What’s worse is the world’s continued wilful blindness in the face of this latest outrage. Not a word from the U.S. State Department; silence from the “Quartet” – the putative honest broker for Middle East peace; and nothing from the self-proclaimed “human rights community,” which never hesitates to denounce Israel for imposing security measures that protect its citizens from Palestinian terror attacks.
Perhaps it is expecting too much of the PA that they would actually shut down their infrastructure of terror promotion. After all, the West has made quite clear by its conduct that it will keep the aid dollars flowing no matter what the PA actually does, or fails to do, about incitement.
As Harvard Law Prof. Alan Dershowitz compellingly argues in his book “Why Terrorism Works,” since the 1970s the West has regularly responded to surges of Palestinian terrorism by making ever more concessions. Like parents who give in to the violent tantrums of an ill-behaved child, the West imposes no serious consequence for the PA’s constant terror promotion.
What explains this passivity of Western leaders?
For some, especially in Europe’s foreign ministries, there is head-in-the-sand denial of the realities of the PA’s radicalism and commitment to Israel’s destruction. But among others who know better, there is the realpolitik concern that failure to prop up the PA will result in a Hamas takeover of the West Bank. Hence they argue, the West’s choice is limited to bad (the PA) and worse (Hamas).
The realists’ concern is not easily dismissed, given Hamas’s explicit, public commitment to Israel’s extermination. But that concern must be balanced against the current strategy’s abject failure to achieve its core objective, namely, turning the PA into a genuinely moderate government, one that has abandoned its commitment to Israel’s destruction, and that is capable of accepting and upholding a sustainable, two-state peace agreement.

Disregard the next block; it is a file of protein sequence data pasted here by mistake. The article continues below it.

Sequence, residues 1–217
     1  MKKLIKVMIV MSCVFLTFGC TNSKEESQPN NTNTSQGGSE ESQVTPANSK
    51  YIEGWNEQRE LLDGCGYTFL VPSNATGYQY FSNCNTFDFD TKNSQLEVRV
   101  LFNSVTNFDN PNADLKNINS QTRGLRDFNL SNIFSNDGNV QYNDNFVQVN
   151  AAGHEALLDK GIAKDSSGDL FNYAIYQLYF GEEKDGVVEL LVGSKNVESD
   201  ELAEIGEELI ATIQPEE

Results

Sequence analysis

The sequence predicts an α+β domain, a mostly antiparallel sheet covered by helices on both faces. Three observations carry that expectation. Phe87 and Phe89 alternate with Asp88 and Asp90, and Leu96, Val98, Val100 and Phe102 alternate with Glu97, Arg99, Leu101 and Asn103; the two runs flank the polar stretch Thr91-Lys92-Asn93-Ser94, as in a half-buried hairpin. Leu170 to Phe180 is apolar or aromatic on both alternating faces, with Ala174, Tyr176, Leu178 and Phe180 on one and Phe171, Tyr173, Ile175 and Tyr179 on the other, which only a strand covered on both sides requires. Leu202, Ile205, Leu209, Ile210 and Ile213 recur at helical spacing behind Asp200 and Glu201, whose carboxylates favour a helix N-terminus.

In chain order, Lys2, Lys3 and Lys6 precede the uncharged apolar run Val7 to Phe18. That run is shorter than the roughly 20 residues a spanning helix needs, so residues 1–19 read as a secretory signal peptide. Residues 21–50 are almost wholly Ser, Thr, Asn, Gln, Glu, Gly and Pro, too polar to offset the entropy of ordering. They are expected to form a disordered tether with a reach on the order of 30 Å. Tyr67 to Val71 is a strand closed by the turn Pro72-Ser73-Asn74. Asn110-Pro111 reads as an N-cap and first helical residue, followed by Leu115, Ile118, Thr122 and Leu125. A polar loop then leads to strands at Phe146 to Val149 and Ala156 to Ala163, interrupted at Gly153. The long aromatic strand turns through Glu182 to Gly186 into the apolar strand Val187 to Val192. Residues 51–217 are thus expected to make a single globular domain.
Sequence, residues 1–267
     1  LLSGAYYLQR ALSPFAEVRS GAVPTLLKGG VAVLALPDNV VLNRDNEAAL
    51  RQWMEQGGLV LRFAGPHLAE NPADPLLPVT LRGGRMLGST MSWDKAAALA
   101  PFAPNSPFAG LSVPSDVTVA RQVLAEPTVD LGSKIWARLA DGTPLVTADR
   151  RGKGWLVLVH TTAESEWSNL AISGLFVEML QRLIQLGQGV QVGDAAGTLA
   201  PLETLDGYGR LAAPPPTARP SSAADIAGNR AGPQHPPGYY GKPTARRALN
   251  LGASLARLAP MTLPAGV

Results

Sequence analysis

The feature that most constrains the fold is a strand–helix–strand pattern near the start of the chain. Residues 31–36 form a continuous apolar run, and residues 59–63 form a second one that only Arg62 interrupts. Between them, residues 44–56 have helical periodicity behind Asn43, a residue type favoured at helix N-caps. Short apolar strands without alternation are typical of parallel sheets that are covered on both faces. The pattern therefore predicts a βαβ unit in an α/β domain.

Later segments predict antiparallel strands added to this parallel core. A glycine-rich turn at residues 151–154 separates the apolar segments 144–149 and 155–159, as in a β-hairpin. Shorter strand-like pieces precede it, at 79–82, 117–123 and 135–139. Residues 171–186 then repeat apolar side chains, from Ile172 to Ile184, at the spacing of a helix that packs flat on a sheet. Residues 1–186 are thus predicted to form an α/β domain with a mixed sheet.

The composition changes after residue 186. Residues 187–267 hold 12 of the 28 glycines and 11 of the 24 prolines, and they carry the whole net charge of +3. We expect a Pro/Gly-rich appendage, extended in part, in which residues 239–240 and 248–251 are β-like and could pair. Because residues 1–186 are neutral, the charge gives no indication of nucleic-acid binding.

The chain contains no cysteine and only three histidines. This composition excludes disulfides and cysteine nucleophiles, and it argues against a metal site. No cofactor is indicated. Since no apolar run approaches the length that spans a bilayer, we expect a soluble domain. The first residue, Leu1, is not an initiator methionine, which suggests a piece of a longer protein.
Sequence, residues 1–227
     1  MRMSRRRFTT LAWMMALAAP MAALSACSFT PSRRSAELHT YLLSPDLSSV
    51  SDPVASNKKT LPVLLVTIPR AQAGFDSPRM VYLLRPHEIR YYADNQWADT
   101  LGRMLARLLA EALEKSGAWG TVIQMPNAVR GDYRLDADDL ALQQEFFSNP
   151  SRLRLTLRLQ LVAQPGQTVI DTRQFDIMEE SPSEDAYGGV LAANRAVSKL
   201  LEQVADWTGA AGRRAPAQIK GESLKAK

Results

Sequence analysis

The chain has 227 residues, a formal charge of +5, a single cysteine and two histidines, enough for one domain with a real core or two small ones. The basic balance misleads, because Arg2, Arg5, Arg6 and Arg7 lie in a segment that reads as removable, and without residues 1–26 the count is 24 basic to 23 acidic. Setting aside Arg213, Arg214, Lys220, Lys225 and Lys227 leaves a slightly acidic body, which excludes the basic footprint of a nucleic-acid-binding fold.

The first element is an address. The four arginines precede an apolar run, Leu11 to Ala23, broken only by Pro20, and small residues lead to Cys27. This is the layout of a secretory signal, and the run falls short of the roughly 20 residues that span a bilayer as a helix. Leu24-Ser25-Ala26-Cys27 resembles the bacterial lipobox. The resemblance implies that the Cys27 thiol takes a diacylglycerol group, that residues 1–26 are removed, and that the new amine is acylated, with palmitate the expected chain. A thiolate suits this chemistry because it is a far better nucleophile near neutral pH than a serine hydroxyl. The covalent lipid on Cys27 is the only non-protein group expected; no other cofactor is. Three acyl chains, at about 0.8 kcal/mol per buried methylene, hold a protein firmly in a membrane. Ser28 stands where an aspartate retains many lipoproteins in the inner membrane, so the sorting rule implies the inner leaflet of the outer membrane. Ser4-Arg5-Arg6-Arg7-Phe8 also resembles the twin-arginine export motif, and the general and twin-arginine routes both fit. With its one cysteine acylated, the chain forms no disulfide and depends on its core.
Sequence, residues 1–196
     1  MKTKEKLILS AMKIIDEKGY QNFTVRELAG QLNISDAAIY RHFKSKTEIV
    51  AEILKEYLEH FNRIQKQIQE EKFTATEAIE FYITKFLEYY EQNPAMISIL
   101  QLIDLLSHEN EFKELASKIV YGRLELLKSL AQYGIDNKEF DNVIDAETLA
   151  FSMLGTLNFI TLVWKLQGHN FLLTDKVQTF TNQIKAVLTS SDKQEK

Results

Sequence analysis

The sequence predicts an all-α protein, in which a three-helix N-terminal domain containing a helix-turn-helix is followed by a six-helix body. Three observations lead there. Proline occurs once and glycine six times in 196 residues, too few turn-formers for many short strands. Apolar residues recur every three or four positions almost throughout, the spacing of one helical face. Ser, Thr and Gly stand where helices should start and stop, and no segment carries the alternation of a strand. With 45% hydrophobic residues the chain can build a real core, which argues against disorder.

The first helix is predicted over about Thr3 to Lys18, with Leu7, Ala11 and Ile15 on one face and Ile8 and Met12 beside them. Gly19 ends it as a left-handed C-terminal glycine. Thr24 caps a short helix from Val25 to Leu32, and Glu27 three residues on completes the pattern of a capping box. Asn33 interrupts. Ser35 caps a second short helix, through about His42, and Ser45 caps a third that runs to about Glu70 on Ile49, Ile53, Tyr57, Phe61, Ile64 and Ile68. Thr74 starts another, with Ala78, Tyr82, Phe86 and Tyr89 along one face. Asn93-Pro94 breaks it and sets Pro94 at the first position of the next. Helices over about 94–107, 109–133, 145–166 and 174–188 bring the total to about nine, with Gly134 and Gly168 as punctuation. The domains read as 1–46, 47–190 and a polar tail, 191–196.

Also weighing in the balance is the pervasive corruption of the PA, and its concomitant inability to provide decent governance and opportunity to its people.
Further, one cannot discount the possibility that the West’s policy of propping up the PA, far from exerting a moderating influence, may be facilitating the continued radicalization of the West Bank. For on the one hand, West Bank polling shows that the PA’s domestic governance is not perceived as significantly better than that of Hamas. Yet on the other hand, the PA’s monopoly of power leaves the West Bank Palestinians free to indulge the delusion that Hamas, unlike the PA, would be able to succeed in the great national cause of exterminating Israel.
In sum, the West’s soft bigotry of low expectations towards the PA may be stifling Palestinian political development rather than moderating it. A study published in the Summer 2008 issue of Middle East Quarterly showed a stark and consistent correlation between increases in Western aid to the PA, and increases in both homicides and suicide bombings by Palestinians.
After two decades of policy failure, why not at least try a more demanding approach, one which expects more of the PA than just lip service to the “peace process” while raising yet another generation of terrorists?
Linking Western aid to the PA’s shutting down its infrastructure of terror promotion would not only serve the cause of eventual peace. It might also help the Palestinians begin to escape their long and crippling entrapment in a politics of hatred and scapegoating, and slowly open the door to a much-needed liberalization of Palestinian society.
Henry Kopel is an attorney with the U.S. Department of Justice in Connecticut. The views here are his own, and do not reflect the views of the Justice Department